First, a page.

Egypt’s first democratically elected president, Mohamed Morsi, collapsed and died on June 17th after addressing a state court during his trial for espionage charges. The ex-president and senior-figure of the outlawed Muslim Brotherhood had been held in solitary confinement since his removal by a military-led coup d’etat in July 2013, and routinely denied access to medical care, family visits, and legal advice. It is quite likely that the real details as to what actually happened will never be known, given Egypt’s tight restrictions on media outlets, but Morsi’s death has already casted a long shadow over the country.
His passing embodies yet another grave milestone in the history of Egypt’s road to democratic transition. It symbolises the extent to which authoritarian rule has retaken hold of the country, and the current regime’s efforts to completely wipe out political space, human rights, and what little gains were made after the 2011 Arab Uprisings. His death after years of imprisonment is also representative of the inhumane conditions typical of the overcrowded Egyptian prisons, and of the country’s crumbling socio-political context. Even though Egypt’s public prosecution says that there are no recent signs of recent injuries on Morsi’s body, therefore refuting claims of torture and neglect, Human Rights Watch openly condemned Abdel Fattah Al Sisi’s regime by stating that “The government of Egypt today bears responsibility for his [Morsi] death”, which they also called “sad, but predictable”.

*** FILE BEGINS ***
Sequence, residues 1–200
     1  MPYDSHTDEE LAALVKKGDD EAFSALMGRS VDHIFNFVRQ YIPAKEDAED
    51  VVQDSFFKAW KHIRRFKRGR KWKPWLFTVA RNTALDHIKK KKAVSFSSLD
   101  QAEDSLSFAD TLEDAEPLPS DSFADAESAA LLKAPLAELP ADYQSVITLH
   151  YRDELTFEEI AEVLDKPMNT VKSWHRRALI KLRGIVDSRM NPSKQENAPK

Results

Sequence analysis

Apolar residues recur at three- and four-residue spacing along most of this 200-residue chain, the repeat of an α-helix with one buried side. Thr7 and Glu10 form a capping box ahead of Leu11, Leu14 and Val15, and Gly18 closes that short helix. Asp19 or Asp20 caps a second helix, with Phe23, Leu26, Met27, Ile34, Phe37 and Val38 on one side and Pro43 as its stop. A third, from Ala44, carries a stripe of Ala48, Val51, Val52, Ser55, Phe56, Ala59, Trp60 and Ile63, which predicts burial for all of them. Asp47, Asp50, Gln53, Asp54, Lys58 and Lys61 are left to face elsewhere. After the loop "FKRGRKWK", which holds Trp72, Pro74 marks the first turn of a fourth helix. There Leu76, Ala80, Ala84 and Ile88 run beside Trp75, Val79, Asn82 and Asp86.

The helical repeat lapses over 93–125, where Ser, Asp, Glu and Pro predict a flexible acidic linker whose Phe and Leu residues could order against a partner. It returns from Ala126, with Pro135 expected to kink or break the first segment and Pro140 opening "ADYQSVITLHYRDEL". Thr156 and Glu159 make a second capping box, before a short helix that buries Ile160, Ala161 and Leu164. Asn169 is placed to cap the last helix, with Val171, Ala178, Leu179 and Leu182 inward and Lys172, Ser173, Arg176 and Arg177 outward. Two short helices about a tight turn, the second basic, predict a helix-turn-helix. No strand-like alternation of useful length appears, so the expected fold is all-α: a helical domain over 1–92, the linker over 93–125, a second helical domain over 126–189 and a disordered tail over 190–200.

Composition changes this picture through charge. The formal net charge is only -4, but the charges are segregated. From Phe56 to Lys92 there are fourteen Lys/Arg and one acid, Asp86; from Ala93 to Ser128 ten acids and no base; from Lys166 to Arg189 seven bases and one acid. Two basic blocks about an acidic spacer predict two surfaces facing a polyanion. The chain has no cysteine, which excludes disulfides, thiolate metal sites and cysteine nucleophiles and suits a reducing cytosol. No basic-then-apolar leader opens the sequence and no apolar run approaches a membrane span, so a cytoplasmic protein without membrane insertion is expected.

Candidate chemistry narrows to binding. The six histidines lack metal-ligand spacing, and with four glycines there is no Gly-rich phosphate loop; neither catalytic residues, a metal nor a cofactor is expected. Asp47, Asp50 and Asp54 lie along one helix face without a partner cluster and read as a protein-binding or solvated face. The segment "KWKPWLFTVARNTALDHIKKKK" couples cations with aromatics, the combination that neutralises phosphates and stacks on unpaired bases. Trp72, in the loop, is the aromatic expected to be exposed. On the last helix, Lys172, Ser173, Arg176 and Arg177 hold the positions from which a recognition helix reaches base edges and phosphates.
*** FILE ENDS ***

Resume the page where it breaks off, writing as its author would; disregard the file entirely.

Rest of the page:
Some have gone as far as saying that Morsi’s death should be understood as a slow murder at the hands of the regime. While this is a bold statement, it nevertheless gives its significance even more pause. His regional legacy as Egypt’s first democratically elected president has died an unnatural death and, regardless of which side one subscribes to, this is a watershed moment for the country’s history. There is also some irony to the significance that such an event bears: when alive, the president was disliked by many both inside and outside the country. His election was shrouded by fears that he would install an Islamist government and support radical groups across the region, but he surprised many by maintaining diplomatic ties with Israel while also being a champion of the Palestinian cause, and by establishing a working relationship with US president Barak Obama. However, his failure to deal with domestic pressures and with the permanence of the deep state, along with other political mistakes, cost him the people’s support, leading to the outbreak of the popular protests that paved the way for al Sisi’s seizing of power.